Miami cop Andy Blake (Christopher Atkins) is on a routine patrol when he accidentally hits a homeless guy with his squad car leading him to a trashed house with the bloody corpse of a young girl. As if that wasn't bad enough, (presumably) the killer has written "stop me" in blood on the wall. This is all too much for Officer Blake and he starts to lose it after unloading his sidearm on a black car that is speeding from the scene. Fortunately for him, ex-cop and super-slueth Costello shows up after the entire police force has cordoned off the area. Says the police chief "the scene is not complete unless Extralarge is on the job". Damn right. Only Costello can solve the case because apparently in these simple times, this sort of thing is unheard of. How do I know? Because the police files on the case are marked "Miami Killer" as if there were only one.
|This must have been a late edition. Very late.|
At one point Dumas interrogates their best witness: a six year old girl named Elsie. Elsie is a fountain of information in spite of the fact that Dumas has clearly as much talent in playing "good cop" as he is drawing cartoons. Trying to sweet-talk the witness, Dumas says "you dance so good, you could be the next Shirley Temple." Elsie giggles because a) that was seriously creepy and b) because she's six and has no freakin' idea who the hell Shirley Temple is!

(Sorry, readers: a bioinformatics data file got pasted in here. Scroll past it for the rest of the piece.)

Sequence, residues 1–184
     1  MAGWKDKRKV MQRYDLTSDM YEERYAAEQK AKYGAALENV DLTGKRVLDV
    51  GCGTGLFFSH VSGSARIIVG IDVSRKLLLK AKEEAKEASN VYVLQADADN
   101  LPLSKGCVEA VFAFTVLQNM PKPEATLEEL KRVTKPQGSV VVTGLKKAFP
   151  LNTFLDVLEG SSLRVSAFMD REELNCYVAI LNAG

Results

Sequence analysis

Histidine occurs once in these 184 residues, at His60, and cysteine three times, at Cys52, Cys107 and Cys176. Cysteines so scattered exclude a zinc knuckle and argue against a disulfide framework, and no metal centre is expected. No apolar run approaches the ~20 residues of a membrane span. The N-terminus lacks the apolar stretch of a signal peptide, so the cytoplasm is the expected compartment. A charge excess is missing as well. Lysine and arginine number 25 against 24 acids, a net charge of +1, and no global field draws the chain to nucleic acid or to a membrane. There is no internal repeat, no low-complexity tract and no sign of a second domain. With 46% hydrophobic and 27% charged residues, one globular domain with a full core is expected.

While surprisingly atmospheric in the final reel, it is also surprisingly free of action. No big car chases or punch-outs here. Castellari was definitely going more for a murder-thriller, coaxing a most entertainingly sweaty, bulging-eyed performance that you could possibly ask for out of Atkins. Though it's not really apparent if we are supposed to feel that Officer Blake is just overly concerned or is a possible suspect. Also, Spencer takes more of a back seat in this one, which kind of makes it a bit weak as a Bud Spencer vehicle. Even so, Castellari is almost incapable of turning in a boring outing on film or TV and even without the expected action fodder, it still keeps your attention with some well executed camera work and a plot that zips along at a pace faster than Spencer's stunt double can fall off of a truck.
|And why do black people get pissed off at white filmmakers?|